Ten years ago, in my office, I was fortunate to have observed an “A-HA!” moment that pops back into my head more than once in a while. In my office was a very well known and successful venture capitalist and an entrepreneur who was about 3 years into his second start-up. His first start-up had grown to about 30 employees and almost $10 million in revenue. He then sold that company to a Fortune 500, worked through his earnout period and made a tidy sum (that company, by the way, became a division of the larger company eventually generating $700 million in revenue for the Fortune 500 company…how do you quantify the impact of that?). The venture capitalist did not invest in that company, but the two men mutually respected each other a great deal. When the entrepreneur started his second company, he didn’t seek any outside capital.
In the chance meeting in my office the two greeted each other warmly with the “How’ve you been’s?” and “How’s your family’s?” When the VC asked the entrepreneur about his second venture, the moment of truth had come. In answer to the VC question “How’s the business?”, my entrepreneur said “Well, I think we’ve done it again!”. The VC exclaimed “That’s awesome…who did you sell the company to this time?!”. The entrepreneur was a bit surprised by the question and rather sheepishly responded with the answer that in fact he hadn’t found a buyer for his company, but rather had reached profitability on $1 million in revenue.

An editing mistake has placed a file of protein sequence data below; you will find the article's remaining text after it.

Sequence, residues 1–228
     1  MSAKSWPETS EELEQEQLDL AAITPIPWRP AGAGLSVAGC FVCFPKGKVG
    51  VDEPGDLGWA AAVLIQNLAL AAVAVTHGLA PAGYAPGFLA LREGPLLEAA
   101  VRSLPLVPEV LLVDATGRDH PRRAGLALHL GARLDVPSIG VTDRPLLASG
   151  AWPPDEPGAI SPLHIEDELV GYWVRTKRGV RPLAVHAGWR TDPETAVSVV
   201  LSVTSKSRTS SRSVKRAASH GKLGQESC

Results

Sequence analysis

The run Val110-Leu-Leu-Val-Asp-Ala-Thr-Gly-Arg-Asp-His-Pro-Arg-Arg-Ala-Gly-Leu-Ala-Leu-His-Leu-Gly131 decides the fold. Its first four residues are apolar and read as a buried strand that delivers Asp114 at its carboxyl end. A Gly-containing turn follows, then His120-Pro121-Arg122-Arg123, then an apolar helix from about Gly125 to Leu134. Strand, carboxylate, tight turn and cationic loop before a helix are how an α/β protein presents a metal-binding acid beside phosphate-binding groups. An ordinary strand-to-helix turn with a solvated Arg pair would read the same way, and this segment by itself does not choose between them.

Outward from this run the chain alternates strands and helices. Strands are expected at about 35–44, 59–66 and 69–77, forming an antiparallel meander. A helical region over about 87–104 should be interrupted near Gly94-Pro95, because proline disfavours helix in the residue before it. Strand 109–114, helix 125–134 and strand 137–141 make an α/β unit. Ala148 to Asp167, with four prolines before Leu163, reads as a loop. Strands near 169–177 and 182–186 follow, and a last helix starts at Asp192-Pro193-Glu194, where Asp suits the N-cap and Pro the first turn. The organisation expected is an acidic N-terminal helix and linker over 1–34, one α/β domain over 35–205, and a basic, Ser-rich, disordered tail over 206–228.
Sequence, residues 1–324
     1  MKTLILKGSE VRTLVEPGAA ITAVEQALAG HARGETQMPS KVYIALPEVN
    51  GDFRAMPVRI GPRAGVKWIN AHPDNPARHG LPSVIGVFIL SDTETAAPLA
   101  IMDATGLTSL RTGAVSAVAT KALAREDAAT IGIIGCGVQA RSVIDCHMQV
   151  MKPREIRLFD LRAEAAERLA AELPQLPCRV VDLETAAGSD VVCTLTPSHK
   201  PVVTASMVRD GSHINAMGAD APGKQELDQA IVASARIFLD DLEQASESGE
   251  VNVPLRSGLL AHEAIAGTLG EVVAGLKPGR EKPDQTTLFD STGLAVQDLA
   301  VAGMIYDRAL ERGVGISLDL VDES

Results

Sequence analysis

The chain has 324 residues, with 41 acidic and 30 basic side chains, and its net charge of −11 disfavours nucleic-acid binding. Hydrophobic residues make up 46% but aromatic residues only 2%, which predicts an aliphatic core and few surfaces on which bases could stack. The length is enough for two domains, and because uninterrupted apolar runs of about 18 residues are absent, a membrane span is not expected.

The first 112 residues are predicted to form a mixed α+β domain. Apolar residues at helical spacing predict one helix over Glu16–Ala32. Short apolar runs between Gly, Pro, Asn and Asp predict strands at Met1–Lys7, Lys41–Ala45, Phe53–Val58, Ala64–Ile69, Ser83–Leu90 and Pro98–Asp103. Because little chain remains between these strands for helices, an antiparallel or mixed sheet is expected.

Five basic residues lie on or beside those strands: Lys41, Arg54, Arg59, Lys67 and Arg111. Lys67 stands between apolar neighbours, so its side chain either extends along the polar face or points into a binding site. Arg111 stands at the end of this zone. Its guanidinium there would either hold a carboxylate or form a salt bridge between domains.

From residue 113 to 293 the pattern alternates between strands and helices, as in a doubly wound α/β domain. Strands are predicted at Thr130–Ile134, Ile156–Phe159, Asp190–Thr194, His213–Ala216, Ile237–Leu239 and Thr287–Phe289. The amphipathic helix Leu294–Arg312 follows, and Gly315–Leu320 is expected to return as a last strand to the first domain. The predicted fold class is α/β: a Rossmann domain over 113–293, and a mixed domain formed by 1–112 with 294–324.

Venture capitalists are required to think about the end game and the exit as one of the first considerations. They are being paid, most often, for managing other people’s money and have made certain promises to those people about their expected performance. It gets ingrained in them to define success as an exit…their livelihood depends on it. This has not really changed, nor will it. I’ve gotten to know this particular VC very well over the past 10 years and, it should be said, he thinks quite differently than this under the surface. But at that moment of truth, his professional mindset popped out, and it was all about the success of the exit and not at all about the success of the business.
I’m probably overstating this…ok, I’m sure I’m overstating this… but I think a problem in the technology economy of the US lately has been that too many entrepreneurs are thinking like VC’s. Programs like TechStars, YCombinator and the like have taught the entrepreneur, I think, that success is to be defined as a funding event. Building a business with paying customers and profit is no longer valued by too many VC’s or entrepreneurs. See “GroupOn”.
There is too much emphasis on building companies for the short-term. Recently there has been a lot of investment in “features” rather than companies. As we saw in the dot.com era, there were a lot of “companies” funded and created to sell a specific line of products. It turns out we didn’t really need these. We needed more of a department store where all things are sold. Amazon survives to evolve and Sockpuppets.com disappears. The focus was on growth in eyeballs and profit comes later. We don’t need to build a sustainable business model since we’ll sell it long before that matters.
Entrepreneurs should be patient for growth but impatient for profit. That formula seems to be reversed these days, and I think it is better for the country if it turns back around soon. There is some good in the fact that investors and founders are “aligned”, but a little balance is probably good for us. There should be a little passion by the founder to want to “build a sustainable business” rather than “build toward an exit”. Sometimes they win the argument and sustainable businesses are built. When entrepreneurs think too much like investors, we get too much of a unanimous “flip” mentality that creates less regard for customers, partners and employees.